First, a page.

LEGISLATION SEN. COMPTON CENSURED Sen. Will Compton of the Reynolds School of Journalism was censured this week for failure to comply with ASUN’s attendance policies for Senate, committee and office hour meetings. Compton apologized in a letter to the Nevada Sagebrush, saying his schedule has conflicted with meeting times. Below is the full letter from Sen. Compton: To My Fellow Colleagues.It is a deep regret to inform you that due to personal reasons, conflicting schedules, and overwhelming class schedules, I have been unable to meet with my committees held within the ASUN senate. Therefore, this has caused me to accumulate enough absences to qualify for a censure, or also known as an open letter of apology for my lack of leadership within ASUN. I would like to apologize to the entire student body, especially those in the Reynolds School of Journalism alone, for my absences and my mistakes. You have given me such pride to represent your school in ASUN and make sure every single one of your voices is heard, and that has and always will be my goal. With about 3 months left in my term, I plan to bring promising and exciting changes to the journalism school, such as regulating our grading scale, expanding our bilingual program, and hopefully, kicking off a brand new sports casting TV program that would be campus wide, giving broadcast journalism majoring student with an interest in sports a chance to get their name out on campus. Again, I truly apologize for the events that have occurred, but can promise you we are only going to continue to rise. If you have any comments, questions, and concerns, please email me at , and we can meet right away regarding any of your thoughts. Thank you for believing in me, I will not let you down. Warmest Regards, William Compton ASUN Reynolds School of Journalism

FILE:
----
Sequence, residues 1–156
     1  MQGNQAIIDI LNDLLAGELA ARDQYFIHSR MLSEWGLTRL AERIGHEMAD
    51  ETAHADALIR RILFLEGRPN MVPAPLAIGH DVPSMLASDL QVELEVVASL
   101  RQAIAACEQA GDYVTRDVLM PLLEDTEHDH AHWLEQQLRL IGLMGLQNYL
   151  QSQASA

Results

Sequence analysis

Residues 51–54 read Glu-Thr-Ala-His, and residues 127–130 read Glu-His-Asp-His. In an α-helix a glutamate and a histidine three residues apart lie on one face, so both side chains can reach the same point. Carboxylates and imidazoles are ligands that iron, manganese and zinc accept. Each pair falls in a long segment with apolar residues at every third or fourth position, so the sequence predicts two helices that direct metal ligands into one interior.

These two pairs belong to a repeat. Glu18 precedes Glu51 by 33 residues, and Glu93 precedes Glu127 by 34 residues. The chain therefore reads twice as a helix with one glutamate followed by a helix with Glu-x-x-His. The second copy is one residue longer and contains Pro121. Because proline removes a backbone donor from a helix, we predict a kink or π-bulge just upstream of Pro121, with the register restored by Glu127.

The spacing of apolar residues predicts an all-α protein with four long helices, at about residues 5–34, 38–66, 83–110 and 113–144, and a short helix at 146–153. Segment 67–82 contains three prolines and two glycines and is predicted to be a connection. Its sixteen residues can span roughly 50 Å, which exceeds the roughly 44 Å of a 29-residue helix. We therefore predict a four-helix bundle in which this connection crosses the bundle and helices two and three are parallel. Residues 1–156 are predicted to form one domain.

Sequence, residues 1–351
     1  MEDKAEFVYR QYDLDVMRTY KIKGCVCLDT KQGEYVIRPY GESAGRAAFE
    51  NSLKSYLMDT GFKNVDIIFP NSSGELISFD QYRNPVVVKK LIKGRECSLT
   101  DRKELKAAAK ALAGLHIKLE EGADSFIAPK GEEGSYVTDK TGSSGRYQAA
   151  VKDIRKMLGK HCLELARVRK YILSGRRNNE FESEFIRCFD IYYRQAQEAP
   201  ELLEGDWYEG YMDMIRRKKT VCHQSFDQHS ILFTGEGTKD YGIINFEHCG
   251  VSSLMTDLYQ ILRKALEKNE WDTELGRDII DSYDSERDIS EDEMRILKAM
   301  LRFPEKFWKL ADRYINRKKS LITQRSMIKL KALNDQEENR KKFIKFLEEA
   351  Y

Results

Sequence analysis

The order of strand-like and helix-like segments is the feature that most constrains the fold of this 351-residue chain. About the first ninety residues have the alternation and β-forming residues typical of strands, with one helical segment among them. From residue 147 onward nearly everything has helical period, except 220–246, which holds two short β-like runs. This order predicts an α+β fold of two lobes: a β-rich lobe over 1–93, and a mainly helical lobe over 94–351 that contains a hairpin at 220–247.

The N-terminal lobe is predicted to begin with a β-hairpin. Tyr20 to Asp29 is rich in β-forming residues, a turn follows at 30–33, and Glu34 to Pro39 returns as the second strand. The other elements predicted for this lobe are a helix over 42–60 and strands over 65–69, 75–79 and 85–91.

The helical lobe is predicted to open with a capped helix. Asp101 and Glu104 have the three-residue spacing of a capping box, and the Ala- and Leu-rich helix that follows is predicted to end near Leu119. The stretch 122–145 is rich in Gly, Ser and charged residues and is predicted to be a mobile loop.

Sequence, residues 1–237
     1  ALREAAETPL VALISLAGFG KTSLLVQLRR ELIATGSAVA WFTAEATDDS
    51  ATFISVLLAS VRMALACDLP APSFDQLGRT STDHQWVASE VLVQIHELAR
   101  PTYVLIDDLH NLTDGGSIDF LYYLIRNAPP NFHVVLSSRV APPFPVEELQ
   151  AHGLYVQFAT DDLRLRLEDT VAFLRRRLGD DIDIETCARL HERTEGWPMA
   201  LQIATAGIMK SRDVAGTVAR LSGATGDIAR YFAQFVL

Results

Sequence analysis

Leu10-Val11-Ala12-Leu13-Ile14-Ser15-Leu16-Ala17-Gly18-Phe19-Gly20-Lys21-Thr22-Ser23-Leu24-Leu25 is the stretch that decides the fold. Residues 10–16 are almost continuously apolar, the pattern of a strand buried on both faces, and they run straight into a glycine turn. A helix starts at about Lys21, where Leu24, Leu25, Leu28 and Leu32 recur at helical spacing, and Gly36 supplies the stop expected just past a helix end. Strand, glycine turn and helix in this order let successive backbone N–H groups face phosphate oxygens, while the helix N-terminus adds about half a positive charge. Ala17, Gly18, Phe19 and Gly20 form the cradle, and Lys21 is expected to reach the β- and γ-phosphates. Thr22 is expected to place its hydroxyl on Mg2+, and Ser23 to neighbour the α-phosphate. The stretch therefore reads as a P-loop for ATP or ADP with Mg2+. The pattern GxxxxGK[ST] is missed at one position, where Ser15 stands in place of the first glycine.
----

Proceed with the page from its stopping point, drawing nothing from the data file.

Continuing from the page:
TRANSPORTATION QUESTION ADDED TO 2018 BALLOT The Senate passed legislation to add a survey question to the 2018 ASUN election ballot about the bus transportation around campus. The Department of Parking and Transportation is asking for a portion of student fees to be used to create a new bus route. The Senate voted for the question to be on the ballot to gauge how students felt about the use of their money. Madeline Purdue can be reached at and on Twitter @madelinepurdue.

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Taking Class


The College for the New Nevada



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he closest